the county. Since hisfirst presentation of 'American Pictures' last year,
Holdt has won national acclaim with his moving, and often unsettling,
depiction of our society. Film Editor John Shea spoke with Holdt while
he was in Ann Arbor this week.
Daily: You came to Canada from Denmark in 1970. Why did you
come?
Holdt: I was kicked out of high school and I had to work on a farm
in Canada. I wanted to work on that farm just to run away from my
own society.
D: So you were fed up with Denmark?
H: At the time I was, but basically I was a just a young person and
just had to see the world. I was basically on my way to land in
America.
D: What for?
H: In those days there were a lot of young people traveling all over
the world.
D: What compelled you to jump from Canada to the U.S.?
H: I didn't. I was just going through it. It was a total mistake to end
up here. I was just on my way to Canada when I got stuck here
hitchhiking.
D: What were your first impressions of America?
H: I was shocked when I got here. The violence scared me, and I
sensed it so much that when I came hitchhiking, I started to take the
bus. But then later I was invited to 'a Black home in the south side of
Chicago, and that is what started off this whole reaction.
D: That's when you started to take pictures of everything?
H: No, that didn't start until after I traveled for a year and a half.
After then I took my first picture. It was not until I wrote these letters
home about what I experienced, staying with Rockefeller and Ted
Kennedy. Since my parents didn't really believe me, they wanted to see
some proof.
D: How did you get in the homes of Ted Kennedy and others?
H: Just through hitchiking and being a vagabond. It's a long story. I
have a whole chapter about it in my book, but it's just too detailed for
See INTERVIEW, p.9

By John Shea
THE FIRST IMPRESSION one gets
from Near Dark is how slickly
made it is. And if first impressions
mean anything, that's good.
Near Dark is so slickly made
because first-time director Kathryn
Bigelow was a long-time art
student. Her years spent at the San
Francisco Art Institute and New
York's Art and Language Club have
enabled her to develop a very
sensitive feel for sounds and
images. Whatever she has learned,
she throws at you, holding nothing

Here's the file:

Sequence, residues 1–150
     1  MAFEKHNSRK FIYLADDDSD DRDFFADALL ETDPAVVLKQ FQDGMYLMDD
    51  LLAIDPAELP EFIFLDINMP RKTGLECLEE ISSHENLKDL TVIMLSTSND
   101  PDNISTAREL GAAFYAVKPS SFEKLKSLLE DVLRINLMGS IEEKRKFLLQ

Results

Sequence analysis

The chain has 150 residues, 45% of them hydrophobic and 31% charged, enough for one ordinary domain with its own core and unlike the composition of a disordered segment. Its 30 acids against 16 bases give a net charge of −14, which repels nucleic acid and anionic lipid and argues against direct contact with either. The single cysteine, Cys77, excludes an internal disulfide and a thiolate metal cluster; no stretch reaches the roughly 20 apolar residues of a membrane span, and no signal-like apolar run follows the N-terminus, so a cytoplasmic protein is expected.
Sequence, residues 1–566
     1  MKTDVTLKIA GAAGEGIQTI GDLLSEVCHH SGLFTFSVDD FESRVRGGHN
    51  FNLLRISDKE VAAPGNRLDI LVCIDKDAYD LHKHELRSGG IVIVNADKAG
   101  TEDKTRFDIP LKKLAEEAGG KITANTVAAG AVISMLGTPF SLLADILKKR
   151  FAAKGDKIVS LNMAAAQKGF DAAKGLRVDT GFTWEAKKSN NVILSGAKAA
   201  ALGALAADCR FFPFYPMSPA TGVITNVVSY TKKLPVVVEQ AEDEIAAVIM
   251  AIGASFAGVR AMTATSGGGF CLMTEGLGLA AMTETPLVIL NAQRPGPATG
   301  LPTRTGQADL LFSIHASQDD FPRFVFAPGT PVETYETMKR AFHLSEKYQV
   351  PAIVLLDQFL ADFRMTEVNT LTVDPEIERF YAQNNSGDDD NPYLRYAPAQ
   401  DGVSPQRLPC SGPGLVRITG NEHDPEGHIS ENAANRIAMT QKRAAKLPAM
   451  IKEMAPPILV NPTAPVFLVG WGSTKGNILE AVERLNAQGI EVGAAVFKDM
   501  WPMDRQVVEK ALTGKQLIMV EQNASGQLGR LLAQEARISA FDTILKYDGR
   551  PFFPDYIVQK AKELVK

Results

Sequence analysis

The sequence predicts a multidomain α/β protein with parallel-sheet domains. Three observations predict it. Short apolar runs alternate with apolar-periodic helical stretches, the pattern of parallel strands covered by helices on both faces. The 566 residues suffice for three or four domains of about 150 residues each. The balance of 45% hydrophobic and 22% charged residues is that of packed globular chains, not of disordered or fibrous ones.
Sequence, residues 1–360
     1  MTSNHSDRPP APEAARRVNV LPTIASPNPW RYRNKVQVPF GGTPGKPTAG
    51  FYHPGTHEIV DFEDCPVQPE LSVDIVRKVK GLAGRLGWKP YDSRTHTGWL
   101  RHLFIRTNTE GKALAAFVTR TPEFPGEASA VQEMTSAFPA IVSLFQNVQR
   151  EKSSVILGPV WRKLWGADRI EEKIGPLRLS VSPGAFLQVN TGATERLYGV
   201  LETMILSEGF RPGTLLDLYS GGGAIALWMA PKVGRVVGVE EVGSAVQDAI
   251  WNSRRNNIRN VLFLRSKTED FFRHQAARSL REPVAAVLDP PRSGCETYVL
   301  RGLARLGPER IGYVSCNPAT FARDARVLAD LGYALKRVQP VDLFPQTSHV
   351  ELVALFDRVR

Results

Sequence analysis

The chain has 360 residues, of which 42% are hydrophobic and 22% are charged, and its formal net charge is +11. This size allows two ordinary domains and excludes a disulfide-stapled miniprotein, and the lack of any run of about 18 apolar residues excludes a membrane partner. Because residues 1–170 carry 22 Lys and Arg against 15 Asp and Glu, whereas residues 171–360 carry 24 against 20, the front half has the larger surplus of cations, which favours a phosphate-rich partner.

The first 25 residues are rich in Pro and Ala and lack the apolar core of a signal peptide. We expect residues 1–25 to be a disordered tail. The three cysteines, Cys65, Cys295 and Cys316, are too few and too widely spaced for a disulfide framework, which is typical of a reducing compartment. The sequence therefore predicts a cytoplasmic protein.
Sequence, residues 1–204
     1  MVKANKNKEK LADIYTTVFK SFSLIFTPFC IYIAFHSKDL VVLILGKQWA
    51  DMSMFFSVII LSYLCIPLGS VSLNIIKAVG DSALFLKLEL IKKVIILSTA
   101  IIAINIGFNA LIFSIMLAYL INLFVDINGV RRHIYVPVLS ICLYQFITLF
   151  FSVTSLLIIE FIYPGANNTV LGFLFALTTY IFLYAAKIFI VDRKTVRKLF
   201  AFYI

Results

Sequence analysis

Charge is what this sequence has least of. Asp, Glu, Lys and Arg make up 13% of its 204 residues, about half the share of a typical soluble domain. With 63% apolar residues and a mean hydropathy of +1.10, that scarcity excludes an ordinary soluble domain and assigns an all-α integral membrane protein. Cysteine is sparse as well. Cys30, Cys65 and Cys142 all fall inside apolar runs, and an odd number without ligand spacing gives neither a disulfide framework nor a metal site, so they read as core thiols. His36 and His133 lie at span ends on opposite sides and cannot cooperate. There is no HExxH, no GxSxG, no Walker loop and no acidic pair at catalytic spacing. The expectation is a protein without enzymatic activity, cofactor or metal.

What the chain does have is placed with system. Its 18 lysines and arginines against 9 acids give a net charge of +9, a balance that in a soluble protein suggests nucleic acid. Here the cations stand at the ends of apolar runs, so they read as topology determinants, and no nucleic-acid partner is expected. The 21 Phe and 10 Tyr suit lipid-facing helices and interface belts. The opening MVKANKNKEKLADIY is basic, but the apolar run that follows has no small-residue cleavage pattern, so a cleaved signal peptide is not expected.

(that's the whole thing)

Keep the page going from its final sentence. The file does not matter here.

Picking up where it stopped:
back.
The script is pretty free-
wheeling, too. This exotic, off-beat
thriller is centered around a group of
modern-day vampires who roam the
night highways in search of blood.
Near Dark is a cross between an
old-fashioned, shoot-em-up Western
and a high-class horror film.
Don't expect to see fangs, garlic
salt or holy water because they
won't be there. The vampire
mythology is gone. These people
bear a closer resemblance to
motorcycle punks than anything
else.
Time still doesn't mean anything
to them; they just keep living on
and on forever, as long as they're
home by sunrise. Mae (Jenny
Wright, Pink Floyd-The Wall),
belongs to this blood-thirsty crew,
and senses she has an easy prey
when she's picked up by a naive
farmboy, Caleb (Adrian Pasdar, Top
Gun).
Caleb is smitten for Mae, and
Mae likes him, too; so much so,
she just can't bring herself to kill
him. She just gives him a hickey
and runs away. He disappointment
over Mae running away turns to
horror as hair starts to grow on his
arms and face.
This is a real concern for Jesse
(Lance Henrikson, Aliens, Prince of
the City) as well. He's the leader of
the drifters, and to insure their
preservation, he can't let the boy go
free. They catch up to him and
abduct him. But they give him a
choice: become one of the clan and
kill for your food--every night--for
the rest of eternity, or get a sunburn
even Solorcaine wouldn't help in
the morning.
Vampire initiations are tough.
You've got to slit throats and blow
heads off with sawed-off shotguns
and noteven think twice about it.
And then you've got to lick up
what sprouts out on the floor for

dinner. Caleb's heart just isn't in it,
and the rest of group is quickly
losing patience with him. Except